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#3382: 14 Haitians die as boat wrecks in Bahamas (fwd)
From: Rosann Clements <firstname.lastname@example.org>
Published Friday, April 28, 2000, in the Miami Herald
14 Haitians die as boat wrecks in Bahamas
BY DON BOHNING
U.S. Coast Guard officials said Thursday at least 14 Haitians had died after
their overloaded boat with about 300 people aboard ran aground on a remote,
uninhabited island in the southern Bahamas.
The latest incident brought to more than 600 the number of Haitian boat
people detained in the Bahamas within the past week. On Saturday, a boat
carrying some 200 Haitians ran aground on Harbor Island in the Eleuthera
Chain. On Tuesday, another 124 would-be refugees were rescued after their
vessel started to sink near Great Inagua.
Even as preparations were being made Thursday to take the latest refugees
from Flamingo Cay to Nassau, two repatriation flights were returning 323
Haitians to Haiti.
The upsurge in refugees comes at a time of growing political instability and
violence as Haiti prepares for long-delayed May 21 parliamentary elections.
It also comes at a time the Haitian economy is in its worst shape since an
international embargo was lifted after the 1994 U.S.-led invasion ousted a
``This is the largest [number] in a while,'' Bahamas Immigration Director
Vernon Burrows said. ``Traditionally [Haitian boat people] always seem to
come around Christmas and Easter. Every time you get a vessel with 200 or
more, that's getting kind of scary.''
While it was still unknown Thursday where the ship had sailed from, most of
the larger boatloads of refugees have left from Port-de-Paix, on Haiti's
northwest peninsula, or the island of La Tortue, off the northwest coast.
Jean Berson, 20, one of the survivors evacuated to Nassau, told the Nassau
Tribune on Thursday through an interpreter that the boat had left from St.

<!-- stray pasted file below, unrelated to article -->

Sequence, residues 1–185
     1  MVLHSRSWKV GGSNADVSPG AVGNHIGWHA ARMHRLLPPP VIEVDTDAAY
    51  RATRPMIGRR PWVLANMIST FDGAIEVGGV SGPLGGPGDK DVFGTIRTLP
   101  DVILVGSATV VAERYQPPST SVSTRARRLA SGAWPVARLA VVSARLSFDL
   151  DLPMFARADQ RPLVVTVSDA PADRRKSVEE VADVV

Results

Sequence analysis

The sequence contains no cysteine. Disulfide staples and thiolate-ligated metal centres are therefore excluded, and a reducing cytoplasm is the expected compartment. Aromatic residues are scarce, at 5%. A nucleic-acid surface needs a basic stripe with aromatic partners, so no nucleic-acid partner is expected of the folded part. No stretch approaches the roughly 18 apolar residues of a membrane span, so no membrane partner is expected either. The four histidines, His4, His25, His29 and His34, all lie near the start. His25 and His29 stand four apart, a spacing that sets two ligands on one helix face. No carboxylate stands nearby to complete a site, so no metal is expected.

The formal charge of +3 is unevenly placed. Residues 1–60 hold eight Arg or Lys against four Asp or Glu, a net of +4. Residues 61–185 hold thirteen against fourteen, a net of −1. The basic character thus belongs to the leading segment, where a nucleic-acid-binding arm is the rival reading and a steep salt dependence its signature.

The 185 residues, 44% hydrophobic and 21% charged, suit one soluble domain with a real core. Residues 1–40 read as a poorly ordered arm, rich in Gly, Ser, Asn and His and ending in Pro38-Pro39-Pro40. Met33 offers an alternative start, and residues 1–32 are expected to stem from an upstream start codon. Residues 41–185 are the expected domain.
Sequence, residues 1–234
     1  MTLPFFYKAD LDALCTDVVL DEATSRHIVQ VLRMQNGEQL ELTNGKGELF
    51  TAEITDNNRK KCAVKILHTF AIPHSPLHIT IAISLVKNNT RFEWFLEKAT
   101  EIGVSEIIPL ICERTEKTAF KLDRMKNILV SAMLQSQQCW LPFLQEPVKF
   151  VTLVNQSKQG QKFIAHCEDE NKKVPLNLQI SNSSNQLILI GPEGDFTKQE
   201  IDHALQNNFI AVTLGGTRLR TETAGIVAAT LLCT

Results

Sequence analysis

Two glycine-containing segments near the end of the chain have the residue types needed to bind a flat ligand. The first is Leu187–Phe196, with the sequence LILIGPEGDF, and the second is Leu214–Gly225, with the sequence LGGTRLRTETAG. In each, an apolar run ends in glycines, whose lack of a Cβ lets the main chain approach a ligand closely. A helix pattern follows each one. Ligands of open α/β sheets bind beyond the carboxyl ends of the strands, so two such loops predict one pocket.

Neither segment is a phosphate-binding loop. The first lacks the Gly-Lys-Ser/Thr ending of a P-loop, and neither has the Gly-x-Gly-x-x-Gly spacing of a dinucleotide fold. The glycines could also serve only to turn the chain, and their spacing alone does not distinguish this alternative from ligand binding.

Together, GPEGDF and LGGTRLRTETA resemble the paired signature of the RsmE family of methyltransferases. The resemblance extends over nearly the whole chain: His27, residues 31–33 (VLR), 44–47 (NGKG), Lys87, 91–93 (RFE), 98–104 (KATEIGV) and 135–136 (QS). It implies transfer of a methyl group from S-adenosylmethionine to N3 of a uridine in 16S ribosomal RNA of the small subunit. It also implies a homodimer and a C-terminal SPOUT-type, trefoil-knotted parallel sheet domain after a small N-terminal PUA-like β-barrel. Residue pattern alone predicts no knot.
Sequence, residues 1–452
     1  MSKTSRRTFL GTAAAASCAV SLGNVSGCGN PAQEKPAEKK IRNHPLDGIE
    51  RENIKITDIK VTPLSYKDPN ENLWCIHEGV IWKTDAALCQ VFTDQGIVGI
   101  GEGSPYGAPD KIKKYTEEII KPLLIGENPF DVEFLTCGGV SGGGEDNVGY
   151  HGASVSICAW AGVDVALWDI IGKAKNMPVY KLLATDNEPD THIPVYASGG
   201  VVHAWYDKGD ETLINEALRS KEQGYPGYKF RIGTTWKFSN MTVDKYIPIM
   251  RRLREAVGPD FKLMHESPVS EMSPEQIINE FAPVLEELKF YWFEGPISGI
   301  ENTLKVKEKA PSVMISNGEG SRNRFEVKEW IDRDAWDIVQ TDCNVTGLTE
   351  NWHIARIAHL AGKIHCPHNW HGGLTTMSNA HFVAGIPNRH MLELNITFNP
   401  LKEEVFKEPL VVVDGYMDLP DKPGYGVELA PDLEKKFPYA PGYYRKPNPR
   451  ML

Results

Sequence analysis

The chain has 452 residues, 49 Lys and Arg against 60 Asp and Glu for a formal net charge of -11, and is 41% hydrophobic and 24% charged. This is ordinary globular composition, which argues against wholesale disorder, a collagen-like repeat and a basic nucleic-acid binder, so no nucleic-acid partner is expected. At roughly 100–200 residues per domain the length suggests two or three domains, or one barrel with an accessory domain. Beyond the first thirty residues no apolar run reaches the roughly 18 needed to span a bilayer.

Louis du Nord, also on Haiti's north coast, and that those aboard were
fleeing political turmoil.
The Coast Guard said it had been advised of the latest boatload of Haitian
refugees Wednesday evening by the Magic, one of three sailboats anchored off
Flamingo Cay. One of the crewmen aboard the sailboats was a doctor who
treated some of the most severely ill Haitians.
One of the survivors said through an interpreter that several more migrants
died Wednesday when they were thrown from the boat in stormy seas.
At least 31 of the migrants suffering from severe hypothermia and
dehydration were evacuated by helicopter to Nassau or George Town, on Exuma
island, for medical treatment late Wednesday, after their plight became
known. Some were also suffering from kidney failure. At least seven children
under the age of 12 were among those helicoptered to Great Exuma, according
to Bahamian officials.
It was expected that the remaining refugees would be brought to Nassau today
and placed in a makeshift detention center in Fox Hill prison to await
NO MAJOR INJURIES
Anthony Williams, immigration officer in charge in Exuma island, said
Thursday the 17 medically evacuated there Wednesday night were ``in much
better shape today. They're doing pretty good. There are no major injuries.
They're just suffering from dehydration and fatigue.''
Williams said that, based on his information, the boat left Haiti last week,
had engine problems three days into the trip and ``lingered at sea with food
and water rationing.''
There were conflicting reports on the number aboard the 50-foot ship that
ran aground on Flamingo Cay on Wednesday, with initial figures running as
high as 500.
Petty Officer Scott Carr, a Coast Guard spokesman, said that after the 31
were evacuated Wednesday night, 264 Haitians, including the 14 who had died,
remained on Flamingo Cay when a Coast Guard cutter arrived at midday
There were also conflicting accounts of how long the vessel had been at sea,
with Bahamian officials saying it had departed Haiti last Friday while the
Coast Guard said passengers reported it had been at sea 11 days.
Meanwhile, the Bahamas Defense Force on Thursday sent emergency food and
other supplies to the Haitians still stranded on the island.
For the Bahamas, said Burrows, the immigration director, the Haitian refugee
exodus has put a severe strain on its resources.
``Our resources in terms of manpower, our resources in terms of money, our
resources in terms of equipment, everything you can imagine, we are
stretched to the maximum,'' he said.
So far this year, Burrows said, about 1,600 Haitians had been repatriated,
including 700 boat people. The remainder were detained in an ongoing roundup
of Haitians illegally in the Bahamas.
Unofficial estimates have put the illegal Haitian population in the Bahamas
between 20,000 and 40,000.
Meanwhile, 15 Haitians who managed to reach Florida were in Krome detention
U.S. Customs intercepted a speedboat that put ashore 11 men and four women
on Key Biscayne late Wednesday. The Border Patrol was holding two men, a
Haitian and a Bahamian, suspected of smuggling the group from Bimini.
``We learned that each person paid $4,000 for the trip,'' Border Patrol
spokesman Joseph Mellia said.
Special correspondent Athena Damianos in the Bahamas and Herald writer
Mireidy Fernandez contributed to this report.